Is oil valuable? Depends on who you ask! Some argue it only became valuable when we learned how to use it. Join your host Tavis Kilian as he explores the birth of the modern oil and gas industry!
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Hello everyone and welcome back to another episode of Hydrocarbon History from RARE PETRO! I’m Tavis Kilian, and I will be walking you through the modern birth of oil. If you are listening to this rather than watching it on YouTube, I feel sorry for ya as you are missing out on a more entertaining experience. There is still time to pause the podcast and search “RARE PETRO” on YouTube to find this episode. Enough of that though, it is time to jump right in!
I got the idea for this episode while reading, “The Moral Case for Fossil Fuels” by Alex Epstein. It’s a great book that breaks down the most common arguments we hear from climate experts and media outlets. I highly recommend you pick up a copy, or do what I do, and listen to it on Audible as you commute, cook, or work out. To open one of the chapters in his book, he mentions a question he loves to ask people when he lectures or debates. Is oil valuable? Go ahead and answer it for yourself. When I first heard this question, my answer was, “Well, duh! There’s a global market for the stuff and I make use of it everyday!” Alex, however, suggests that oil is only valuable because of the way we learned how to use it. Before we found a use case, it was just another natural resource that we would rarely see. So this episode will explore how oil became valuable in the modern context, and how the industry was born.
Let’s jog it back a few million years to the time of prehistoric creatures. As time progressed, sea levels rose and fell quite dramatically. You can often see this in rock outcrops in very distinct layers. Whenever the sea rises or falls, it changes the depositional environment of a lot of these sedimentary systems, and you get these strange patterns that are indicative of different time periods. As this happens, plants and animals will often die and accumulate within specific areas. The biomass is buried, and with enough tectonic activity or other forms of geologic change, they are pushed further and further into the ground. From there, eons of pressure and heat refine this biomass into its very basic forms: hydrocarbons. An unfortunate school of fish may have been transformed into some crude oil. A large swampy area of trees and algae may have been converted into natural gas. This is how the stuff got there, and if you think about it, is technically a biofuel and natural resource, like sunlight, or wind. So we know how it got there, but where do humans come in to establish value?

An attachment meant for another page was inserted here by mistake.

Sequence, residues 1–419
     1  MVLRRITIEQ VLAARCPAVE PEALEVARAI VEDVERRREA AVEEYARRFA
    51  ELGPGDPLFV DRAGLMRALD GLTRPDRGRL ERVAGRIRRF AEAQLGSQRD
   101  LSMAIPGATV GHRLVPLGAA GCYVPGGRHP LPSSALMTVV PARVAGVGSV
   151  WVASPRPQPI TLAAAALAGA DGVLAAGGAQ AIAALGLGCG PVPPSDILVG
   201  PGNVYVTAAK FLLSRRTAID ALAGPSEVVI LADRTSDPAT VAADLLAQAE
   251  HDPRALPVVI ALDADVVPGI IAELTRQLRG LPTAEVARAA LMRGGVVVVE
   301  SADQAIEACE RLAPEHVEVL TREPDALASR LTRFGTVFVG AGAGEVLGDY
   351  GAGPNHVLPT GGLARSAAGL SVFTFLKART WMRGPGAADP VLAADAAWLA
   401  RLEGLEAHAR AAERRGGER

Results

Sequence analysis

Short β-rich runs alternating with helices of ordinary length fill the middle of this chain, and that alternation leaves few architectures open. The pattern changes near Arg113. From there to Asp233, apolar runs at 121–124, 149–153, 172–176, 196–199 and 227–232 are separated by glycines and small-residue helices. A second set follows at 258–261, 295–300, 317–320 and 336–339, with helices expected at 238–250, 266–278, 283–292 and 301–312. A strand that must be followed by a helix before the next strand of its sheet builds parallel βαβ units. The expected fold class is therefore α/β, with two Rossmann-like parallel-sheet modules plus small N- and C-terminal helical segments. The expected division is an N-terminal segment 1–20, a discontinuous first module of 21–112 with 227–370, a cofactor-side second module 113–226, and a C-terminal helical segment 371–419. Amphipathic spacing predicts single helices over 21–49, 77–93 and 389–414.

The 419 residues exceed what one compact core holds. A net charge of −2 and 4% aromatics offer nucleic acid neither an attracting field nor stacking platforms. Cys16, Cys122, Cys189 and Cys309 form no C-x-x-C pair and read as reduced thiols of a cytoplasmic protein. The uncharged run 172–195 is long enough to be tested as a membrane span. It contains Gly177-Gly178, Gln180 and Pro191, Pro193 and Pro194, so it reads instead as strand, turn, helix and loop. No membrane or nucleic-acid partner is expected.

One of the earliest uses of oil recorded was actually from 1539 when Venezuela exported a significant amount of oil to the Holy Roman Emperor Charles V to treat his gout. I imagine that wasn’t entirely successful. After that, the word “petroleum” which is latin for “rock oil” was cited by German mineralogist George Bauer in 1556. This mid 1500 time period was about the time people were taking notice of this gooey black gunk. It wasn’t until 1755 that Lewis Evans made his “Map of the Middle British Colonies in America,” which noted the presence of petroleum in what we now know as Pennsylvania. Pennsylvania is home to the Marcellus gas field today, but back in the 1700s, there were no fields, jacks, or refineries. The land was natural and abound with oil seeps. An oil seep is a type of surface expression that you can see. What I mean by that, is there are natural migration paths that bring oil from deep in the ground alllll the way to the surface. You can find these on the coast of California and even sometimes, the ocean floor. According to the National Ocean Service, natural oil seeps are responsible for nearly half of the oil released into the ocean every year. Native Americans established themselves on the super fertile farming lands of Western Pennsylvania that were abound with oil seeps leaking crude into their water systems. The Seneca were very familiar with these seeps, but eventually lost their foothold to the Iriquois, one of the most cultured and technologically advanced in the area. The Iriquois used oil for salves, tonics, and mosquito repellent. The Medicine Men of these tribes were probably the first oil drillers in America as they believed these oil seeps were a gift from the heavens to be used for wellness. They may have been harvesting oil from waterways as early as 1410 using a primitive skimming technique. This continued until white settlers began to push them from their lands in the 1700s as they were in search of the rich farmlands, but not the oil.